Note that L cannot receive one withdraw to remove the route from its local table; it must receive withdraws from both H and K. There’s no way at L to tell whether a withdraw from H means 101::/64 is no longer reachable at all or it is no longer reachable through H. For path-vector protocols, like distance-vector, the neighbor through each path must be considered independently.
What does an MRAI of 0 do? Each of the routers in the network will process the withdraw as soon as they receive it and send a withdraw to their peers as soon as they’re done processing it. The process still takes the same number of steps but each step is much faster.
What is the impact of all the paths’ equal length? So long as every router processes the withdraw at around the same speed, there is no hunt. If H and K send their withdraws simultaneously, L should receive them simultaneously and remove the route to 101::/64 from its table rather than switching from one path to the other. Even if they send their withdraws at different times, L removes entries from its ECMP table until it receives the last withdrawal.
If MRAI slows down convergence, why set it to anything other than 0? Because it’s improbable that every router in the network will process each withdraw simultaneously.
Before 101::/64 is withdrawn, H will be using the paths through D and E for ECMP, but it is only going to be advertising one of these two routes to L—say the path through E. When B sends withdraws to D and E, assume E processes the withdraw just a little faster than D. When H receives D’s withdraw, it will send an implicit withdraw to L, updating the AS path to include D rather than E. A few moments later, D sends a withdraw. H processes this withdraw and sends a withdraw to L.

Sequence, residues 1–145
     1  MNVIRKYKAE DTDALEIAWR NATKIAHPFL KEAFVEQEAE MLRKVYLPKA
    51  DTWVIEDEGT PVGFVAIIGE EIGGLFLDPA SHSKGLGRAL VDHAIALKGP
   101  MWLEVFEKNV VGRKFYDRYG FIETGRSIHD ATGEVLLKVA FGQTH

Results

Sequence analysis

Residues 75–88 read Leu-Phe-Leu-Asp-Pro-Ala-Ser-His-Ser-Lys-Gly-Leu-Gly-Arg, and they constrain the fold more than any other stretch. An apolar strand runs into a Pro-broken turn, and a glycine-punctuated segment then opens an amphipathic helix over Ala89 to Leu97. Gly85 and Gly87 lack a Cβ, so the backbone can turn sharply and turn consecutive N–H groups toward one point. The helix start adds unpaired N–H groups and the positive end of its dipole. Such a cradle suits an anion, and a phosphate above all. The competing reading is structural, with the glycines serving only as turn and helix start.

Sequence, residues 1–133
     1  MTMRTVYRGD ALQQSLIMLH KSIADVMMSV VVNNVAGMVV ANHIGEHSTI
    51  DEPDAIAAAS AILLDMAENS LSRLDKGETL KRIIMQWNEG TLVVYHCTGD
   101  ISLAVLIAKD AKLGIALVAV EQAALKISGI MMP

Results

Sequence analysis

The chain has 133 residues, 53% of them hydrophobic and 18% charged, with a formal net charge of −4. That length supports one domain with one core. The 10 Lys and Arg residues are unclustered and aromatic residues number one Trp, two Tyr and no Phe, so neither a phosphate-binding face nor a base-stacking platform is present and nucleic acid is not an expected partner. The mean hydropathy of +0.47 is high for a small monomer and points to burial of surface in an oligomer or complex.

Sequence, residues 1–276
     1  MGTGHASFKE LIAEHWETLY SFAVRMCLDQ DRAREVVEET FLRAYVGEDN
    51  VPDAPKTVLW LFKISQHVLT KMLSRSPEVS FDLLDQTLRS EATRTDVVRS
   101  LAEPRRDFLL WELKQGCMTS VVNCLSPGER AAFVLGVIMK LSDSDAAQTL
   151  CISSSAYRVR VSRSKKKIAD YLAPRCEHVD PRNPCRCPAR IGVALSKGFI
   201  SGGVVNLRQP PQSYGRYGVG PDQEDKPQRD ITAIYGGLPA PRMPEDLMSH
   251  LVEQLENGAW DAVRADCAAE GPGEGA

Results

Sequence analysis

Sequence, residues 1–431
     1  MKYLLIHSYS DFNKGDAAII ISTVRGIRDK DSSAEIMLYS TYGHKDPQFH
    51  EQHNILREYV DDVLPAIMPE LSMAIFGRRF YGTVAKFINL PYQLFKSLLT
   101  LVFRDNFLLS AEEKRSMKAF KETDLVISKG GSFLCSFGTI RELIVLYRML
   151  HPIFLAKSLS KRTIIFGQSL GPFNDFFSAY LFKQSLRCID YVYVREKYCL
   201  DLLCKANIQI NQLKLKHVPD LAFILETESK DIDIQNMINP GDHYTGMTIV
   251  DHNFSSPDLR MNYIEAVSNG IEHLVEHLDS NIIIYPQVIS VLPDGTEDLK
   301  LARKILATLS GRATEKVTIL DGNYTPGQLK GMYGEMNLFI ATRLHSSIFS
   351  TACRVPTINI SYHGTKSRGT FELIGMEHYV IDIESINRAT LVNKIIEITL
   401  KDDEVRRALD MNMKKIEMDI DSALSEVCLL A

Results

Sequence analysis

L has received one implicit withdraw and one withdraw from H because of processing time differentials. In a larger fabric, with a much larger fan-out, the likelihood of differences in timing is much higher and spread across a broader range of possibilities. You can (generally) expect H to send about half as many implicit withdraws as it has paths towards the destination before sending an actual withdraw. If there are eight paths between B and H, H would likely send 3 or 4 implicit withdraws before sending a withdraw.
What if the MRAI were set to 1 second at H? H would receive E’s withdrawal and set the MRAI timer. Assuming D’s withdraw arrives within that 1-second MRAI, H will receive D’s withdraw, squash the implicit withdraw, and send a single withdraw to L instead. Setting the MRAI to something other than 0 reduces the number of updates and reduces processing.
Setting the MRAI to 1 second, and forcing it to trigger across all updates, might improve convergence time—or not. Without experimenting with setting the MRAI to different values at different places in a real network, it is hard to know. Replacing the routers, link speeds, changing processor load, and increasing memory can all have an impact on the “best” settings for optimal convergence.
the bottom line
There will be no hunt in BGP convergence in a network with multiple equal-length/equal-cost paths. This is what we should expect. Because the maximum path length minus the best (current) path length will always be 0, the network will converge as quickly as each router can process and advertise withdraws, bounded by the MRAI.
Setting the MRAI to 0 improves convergence speed at the cost of additional updates, especially in wide fan-out data center fabrics. It’s hard to know whether setting the MRAI to 0 or 1 will give you better convergence speeds; you have to try it to see.
I still think we should be moving away from BGP as our underlay protocol in all but the largest data center fabrics. IGPs (like IS-IS and RIFT) will converge more quickly, are easier to configure and manage, and using different protocols for the underlay and overlay breaks up failure and security domains in useful ways. I know I’m tilting at a windmill on this point, but still …
This lesson in Russ White’s BGP course gets into withdrawing a route, MRAI time, implicit withdraws, BGP Hunt, graceful restart, and other topics.